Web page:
Pesce,is that little magenta spot in the middle of the Atlantic -16, -4, or +8?? Might make a difference. Just sayin’.

  18. Luke of the D says:

    You know, I like this scale! It is the only scale which can be accurate no matter which form of climate change you believe in (i.e. catastrophic-anthropomorphic or natural or combination)! If you are a CAGW-believer it all looks hot with anomalies of +9 to +16.5degrees! But if you are a natural climate change/global warming believe it looks incredibly cold with anomalies of -6 to -16degrees! And if you are a combo-CAGW/naturalist then it looks nice and with anomalies from somewhere like -5 to +5degrees. Everybody wins!!!

  19. geran says:

    Warmists only want 7 ranges of temperature:

    1) Above average
    2) Well above average
    3) Extremely above average
    4) Hot enough to cook raw meat
    5) Boiling point of water
    6) Boiling point of lead
    7) Same temperature as the surface of the Sun

    They only disagree on what color to use for each range….

  20. cdquarles says:

    I’ve looked at Unisys SST maps off and on over the years. They’ve used this scheme ‘forever’ as far as I know. Confusing as all get out if you’re not familiar with it,

    I want to say that I started looking at them when tracking tropical systems that used Unisys as a data source. Hmm, it is approaching 10 years now for me.

  21. _Jim says:

    I am still at a loss to locate the position of the indicated _low_ of -16 or the _high_ of +18.3 as the notation in the lower right hand corner indicates exists somewhere on the plot. Even given the sappy color scheme used and expecting transitions through the color scale, one cannot still find those the locations of those indicted high and low values.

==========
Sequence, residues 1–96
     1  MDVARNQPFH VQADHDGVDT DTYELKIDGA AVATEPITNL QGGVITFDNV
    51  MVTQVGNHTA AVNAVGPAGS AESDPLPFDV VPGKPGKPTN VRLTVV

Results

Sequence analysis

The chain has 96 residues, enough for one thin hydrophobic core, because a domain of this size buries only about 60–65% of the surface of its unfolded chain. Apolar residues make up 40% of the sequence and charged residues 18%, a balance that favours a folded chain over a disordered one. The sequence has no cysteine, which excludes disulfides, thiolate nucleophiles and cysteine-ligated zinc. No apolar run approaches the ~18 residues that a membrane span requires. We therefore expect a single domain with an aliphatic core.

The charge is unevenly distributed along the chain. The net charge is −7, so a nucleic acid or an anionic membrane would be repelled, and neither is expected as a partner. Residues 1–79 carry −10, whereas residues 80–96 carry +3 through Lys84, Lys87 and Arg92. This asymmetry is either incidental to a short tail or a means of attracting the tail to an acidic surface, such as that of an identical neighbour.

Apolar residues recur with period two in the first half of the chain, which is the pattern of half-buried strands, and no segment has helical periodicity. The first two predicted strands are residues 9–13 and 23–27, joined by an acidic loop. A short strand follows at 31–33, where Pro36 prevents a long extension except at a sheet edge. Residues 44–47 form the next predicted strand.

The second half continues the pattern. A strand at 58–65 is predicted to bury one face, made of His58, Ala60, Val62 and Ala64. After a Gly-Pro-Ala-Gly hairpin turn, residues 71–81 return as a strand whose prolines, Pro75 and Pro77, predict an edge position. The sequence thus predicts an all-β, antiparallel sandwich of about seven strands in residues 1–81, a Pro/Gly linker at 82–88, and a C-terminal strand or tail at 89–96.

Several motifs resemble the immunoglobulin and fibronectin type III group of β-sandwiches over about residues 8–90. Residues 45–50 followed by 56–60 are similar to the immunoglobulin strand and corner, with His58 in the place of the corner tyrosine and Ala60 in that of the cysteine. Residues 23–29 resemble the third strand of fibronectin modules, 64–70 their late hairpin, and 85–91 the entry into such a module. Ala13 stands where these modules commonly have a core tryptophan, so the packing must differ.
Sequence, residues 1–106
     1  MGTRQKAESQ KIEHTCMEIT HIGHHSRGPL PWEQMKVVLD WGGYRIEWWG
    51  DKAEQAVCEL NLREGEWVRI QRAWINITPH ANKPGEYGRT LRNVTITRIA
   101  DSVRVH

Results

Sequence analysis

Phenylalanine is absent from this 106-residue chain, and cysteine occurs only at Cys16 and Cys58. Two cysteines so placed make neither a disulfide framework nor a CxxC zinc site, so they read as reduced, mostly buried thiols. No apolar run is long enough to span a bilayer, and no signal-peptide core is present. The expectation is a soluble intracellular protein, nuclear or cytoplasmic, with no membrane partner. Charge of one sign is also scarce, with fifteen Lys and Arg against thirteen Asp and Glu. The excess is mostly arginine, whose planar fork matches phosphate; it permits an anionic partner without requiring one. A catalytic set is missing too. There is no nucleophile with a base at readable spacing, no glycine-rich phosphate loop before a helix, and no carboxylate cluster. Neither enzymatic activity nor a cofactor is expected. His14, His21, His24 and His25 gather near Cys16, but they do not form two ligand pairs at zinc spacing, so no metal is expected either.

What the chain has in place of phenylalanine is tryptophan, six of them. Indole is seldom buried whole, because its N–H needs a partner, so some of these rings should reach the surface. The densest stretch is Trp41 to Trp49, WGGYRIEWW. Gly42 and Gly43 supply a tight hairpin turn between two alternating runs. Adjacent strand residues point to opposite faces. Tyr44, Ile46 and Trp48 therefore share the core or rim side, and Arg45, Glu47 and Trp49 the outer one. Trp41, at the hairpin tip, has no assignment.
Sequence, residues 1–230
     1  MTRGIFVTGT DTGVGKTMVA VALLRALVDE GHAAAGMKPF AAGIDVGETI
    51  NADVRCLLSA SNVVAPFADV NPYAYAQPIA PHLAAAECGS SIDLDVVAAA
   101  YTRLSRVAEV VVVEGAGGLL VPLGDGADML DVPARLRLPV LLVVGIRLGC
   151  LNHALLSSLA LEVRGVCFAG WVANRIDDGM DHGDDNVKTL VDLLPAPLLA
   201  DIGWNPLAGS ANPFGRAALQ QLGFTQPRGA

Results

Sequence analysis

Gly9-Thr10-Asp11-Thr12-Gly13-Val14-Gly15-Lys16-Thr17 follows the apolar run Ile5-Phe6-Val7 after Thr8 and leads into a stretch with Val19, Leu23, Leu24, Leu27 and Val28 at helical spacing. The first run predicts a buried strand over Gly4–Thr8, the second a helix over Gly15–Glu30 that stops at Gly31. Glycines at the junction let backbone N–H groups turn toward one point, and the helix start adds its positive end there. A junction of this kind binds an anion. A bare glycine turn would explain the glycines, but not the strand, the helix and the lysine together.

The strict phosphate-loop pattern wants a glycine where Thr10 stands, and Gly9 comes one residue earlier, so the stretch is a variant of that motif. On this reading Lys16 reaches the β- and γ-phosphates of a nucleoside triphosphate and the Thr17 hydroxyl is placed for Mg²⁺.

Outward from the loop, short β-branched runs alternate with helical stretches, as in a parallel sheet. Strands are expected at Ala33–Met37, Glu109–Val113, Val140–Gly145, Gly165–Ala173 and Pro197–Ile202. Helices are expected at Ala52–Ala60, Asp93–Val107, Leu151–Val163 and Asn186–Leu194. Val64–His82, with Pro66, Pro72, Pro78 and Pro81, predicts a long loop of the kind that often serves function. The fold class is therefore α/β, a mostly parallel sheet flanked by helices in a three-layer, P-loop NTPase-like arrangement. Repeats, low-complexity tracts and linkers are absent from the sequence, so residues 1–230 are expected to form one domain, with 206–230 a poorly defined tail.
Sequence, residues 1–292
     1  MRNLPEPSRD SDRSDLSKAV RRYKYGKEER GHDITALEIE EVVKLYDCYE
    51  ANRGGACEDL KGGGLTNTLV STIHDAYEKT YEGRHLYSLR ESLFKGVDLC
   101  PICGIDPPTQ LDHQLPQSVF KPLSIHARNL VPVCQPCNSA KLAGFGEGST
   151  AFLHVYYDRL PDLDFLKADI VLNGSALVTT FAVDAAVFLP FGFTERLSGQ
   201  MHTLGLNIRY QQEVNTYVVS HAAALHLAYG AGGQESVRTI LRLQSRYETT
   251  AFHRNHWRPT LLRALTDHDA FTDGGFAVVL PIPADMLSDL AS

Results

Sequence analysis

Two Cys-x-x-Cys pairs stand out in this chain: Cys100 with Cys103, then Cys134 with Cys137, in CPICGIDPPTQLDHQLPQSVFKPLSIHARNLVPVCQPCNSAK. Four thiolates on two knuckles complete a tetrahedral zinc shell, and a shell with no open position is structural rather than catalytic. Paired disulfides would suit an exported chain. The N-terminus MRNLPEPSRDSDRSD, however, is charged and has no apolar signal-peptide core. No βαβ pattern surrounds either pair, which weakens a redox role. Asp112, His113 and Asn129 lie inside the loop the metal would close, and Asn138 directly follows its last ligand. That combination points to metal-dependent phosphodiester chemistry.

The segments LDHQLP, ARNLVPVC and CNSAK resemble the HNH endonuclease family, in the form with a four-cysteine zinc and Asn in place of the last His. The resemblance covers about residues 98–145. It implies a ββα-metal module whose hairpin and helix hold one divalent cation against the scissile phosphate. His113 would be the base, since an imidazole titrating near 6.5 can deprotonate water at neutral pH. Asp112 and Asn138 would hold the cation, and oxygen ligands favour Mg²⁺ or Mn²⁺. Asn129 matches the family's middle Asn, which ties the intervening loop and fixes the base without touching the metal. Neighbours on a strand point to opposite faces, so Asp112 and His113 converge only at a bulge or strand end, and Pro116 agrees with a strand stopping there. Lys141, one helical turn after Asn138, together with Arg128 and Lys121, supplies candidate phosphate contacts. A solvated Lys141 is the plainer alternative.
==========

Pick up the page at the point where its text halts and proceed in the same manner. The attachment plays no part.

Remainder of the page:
Anybody have an idea where those points might be?


    • Gail Combs says:

      _Jim I can find nothing close to those numbers. About the only spread I can find is a +6.43 off the coast of Maine and a -3.21 between Australia and Antarctica.

      I think the scale was made to allow any and all possible results and does not indicate what is on any individual map.

      Makes it rather misleading doesn’t it?

  22. Gail Combs says:

    _Jim says: @ July 30, 2014 at 4:27 pm

    You would also do well to be advised, Gail, to note that more of the male population is afflicted with ‘color perception difficulties’ than the female population; this can lead to differences in posters opinions…
    Jim, That darn scale has the same color repeat THREE TIMES so for example “rose” could be -16 and -3.5 and +9. That is enough to confuse anyone especially when the numbers on the map are hard to read. If you want to pick nits you can also say the tiny numbers are discriminating against old folks.

    In a word the map sucks for more than one reason.

    And considering my boss was so color blind he had to zero everything to get a black and white image he could see, I am well aware of that problem. Had a FEMALE friend who was blue/green color blind too. She was an artist and painted the weirdest landscapes you have ever seen!